Aug 10, 2011

Traders advised to use Asian Clearing Union (ACU) transfers

TRADERS can be lessen suffering caused by complicated international transactions to some countries by using the Asian Clearing Union (ACU) mechanism, according to a meeting organised by the Central Bank of Myanmar and the country’s premier business body last week.

The meeting to explain the ACU was jointly set up by the Union of Myanmar Federation of Chambers of Commerce and Industry (UMFCCI) and the Central Bank was held in Yangon on July 28.

Daw Khin Ohnmar Aye, the deputy general manager of Myanmar Foreign Trade Bank (MFTB), said that using the ACU allowed traders to settle accounts in either dollars or euros to circumvent US sanctions and better facilitate intra-regional trade.

The ACU was established in 1974 and includes Bangladesh, Bhutan, India, Iran, Myanmar, Nepal, Pakistan, Sri Lanka and the Maldives.

Myanmar’s only significant trading partners in the union are Bangladesh and India, even though it joined ACU 30 years ago.

Daw Khin Ohnmar Aye said traders have been reluctant to use the ACU because they think it is inefficient.

However, U Thaung Htun, the deputy general manager of Myanmar Investment and Commercial Bank (MICB), said transfers through ACU were actually very fast.

“There are no delays when using the ACU to transfer money and it also reduces the normal problems and suffering involved,” he said.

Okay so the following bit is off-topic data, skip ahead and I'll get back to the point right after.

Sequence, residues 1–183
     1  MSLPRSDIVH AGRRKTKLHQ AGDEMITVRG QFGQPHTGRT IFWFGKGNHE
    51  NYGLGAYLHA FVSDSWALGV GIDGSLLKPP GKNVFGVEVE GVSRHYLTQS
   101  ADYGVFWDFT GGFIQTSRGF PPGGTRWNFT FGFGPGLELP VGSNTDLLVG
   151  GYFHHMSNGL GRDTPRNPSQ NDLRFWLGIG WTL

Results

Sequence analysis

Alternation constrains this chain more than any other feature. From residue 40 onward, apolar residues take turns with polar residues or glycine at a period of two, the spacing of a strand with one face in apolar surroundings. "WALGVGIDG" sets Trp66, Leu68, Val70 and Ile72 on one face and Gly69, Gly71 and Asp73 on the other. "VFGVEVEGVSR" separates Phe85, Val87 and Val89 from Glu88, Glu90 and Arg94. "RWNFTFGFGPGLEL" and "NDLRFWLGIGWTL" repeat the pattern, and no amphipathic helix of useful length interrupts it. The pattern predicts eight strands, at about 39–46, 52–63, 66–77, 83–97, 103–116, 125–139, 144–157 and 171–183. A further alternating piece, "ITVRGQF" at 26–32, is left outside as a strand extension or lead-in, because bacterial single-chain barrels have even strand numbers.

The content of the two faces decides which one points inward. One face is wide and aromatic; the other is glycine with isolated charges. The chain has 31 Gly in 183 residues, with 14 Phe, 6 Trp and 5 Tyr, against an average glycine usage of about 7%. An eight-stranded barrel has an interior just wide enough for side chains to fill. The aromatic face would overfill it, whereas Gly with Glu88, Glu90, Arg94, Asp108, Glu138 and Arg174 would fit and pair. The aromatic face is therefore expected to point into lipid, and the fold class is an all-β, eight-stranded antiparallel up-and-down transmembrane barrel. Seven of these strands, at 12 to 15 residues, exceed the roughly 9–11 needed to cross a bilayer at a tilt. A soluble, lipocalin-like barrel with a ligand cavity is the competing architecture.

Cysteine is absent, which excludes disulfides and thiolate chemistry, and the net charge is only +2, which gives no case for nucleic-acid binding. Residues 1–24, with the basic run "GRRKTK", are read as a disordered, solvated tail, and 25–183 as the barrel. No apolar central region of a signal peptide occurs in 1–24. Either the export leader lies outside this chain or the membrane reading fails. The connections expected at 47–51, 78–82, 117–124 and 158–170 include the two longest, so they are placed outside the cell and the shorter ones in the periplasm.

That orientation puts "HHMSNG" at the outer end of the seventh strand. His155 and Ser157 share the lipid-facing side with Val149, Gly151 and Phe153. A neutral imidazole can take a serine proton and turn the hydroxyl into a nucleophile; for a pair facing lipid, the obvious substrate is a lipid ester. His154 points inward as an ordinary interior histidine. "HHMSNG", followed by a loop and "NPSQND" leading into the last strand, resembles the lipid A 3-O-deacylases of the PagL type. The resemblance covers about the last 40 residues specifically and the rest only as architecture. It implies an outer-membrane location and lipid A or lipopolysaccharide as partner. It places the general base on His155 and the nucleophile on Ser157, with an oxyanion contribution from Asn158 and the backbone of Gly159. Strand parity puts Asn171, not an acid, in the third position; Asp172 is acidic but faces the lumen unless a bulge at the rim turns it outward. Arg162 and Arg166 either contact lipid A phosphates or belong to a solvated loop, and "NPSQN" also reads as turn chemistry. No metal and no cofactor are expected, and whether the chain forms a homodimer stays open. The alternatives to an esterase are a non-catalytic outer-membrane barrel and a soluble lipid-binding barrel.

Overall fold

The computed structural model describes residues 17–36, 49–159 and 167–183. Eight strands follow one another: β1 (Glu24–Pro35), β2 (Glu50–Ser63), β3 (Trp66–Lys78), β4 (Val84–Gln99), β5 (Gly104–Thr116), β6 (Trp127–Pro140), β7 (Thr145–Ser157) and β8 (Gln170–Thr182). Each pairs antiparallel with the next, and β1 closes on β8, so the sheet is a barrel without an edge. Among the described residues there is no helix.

Traders can open an account in MFTB, MICB or Myanmar Economic Bank (MEB) under Central Bank and can then they can trade directly – using euros – with any counterparts in other member states. The ACU no longer uses US dollars as a result of economic sanctions levelled against a number of member states such as Iran and Myanmar.

“The dollar settlement field is narrower now,” he said, adding that only Singapore, Thailand, Malaysia and Vietnam trade with dollars, with South Korea, Japan and China using other currencies.

“When traders open a letter of Credit to import goods, and then pay for those goods, they also have to go through EU clearing agents, which sometimes reject payments as a result of EU trade policies.

“That forces traders to find another way, which is difficult and expensive,” he said.

One fisheries exporter who attended the meeting said he would be testing ACU transfers in future.

“We will try this out with our normal trading operations,” he said.

The fisheries exporter said ACU transfers would work in relation to Bangladesh, which uses dollars and euros but not India, which only uses euros. U Win Aung, a beans and pulses trader who mainly exports to India, said the complicated nature of exporting goods from Myanmar might rule out ACU transfers.

“This method would work if we dealt 100 percent with buyers in India. But there are always third parties in Singapore as well that we have to pay,” he said.

Traders in Singapore act as third-party agents between Myanmar sellers and Indian buyers to avoid sanctions.

Source: Myanmar Times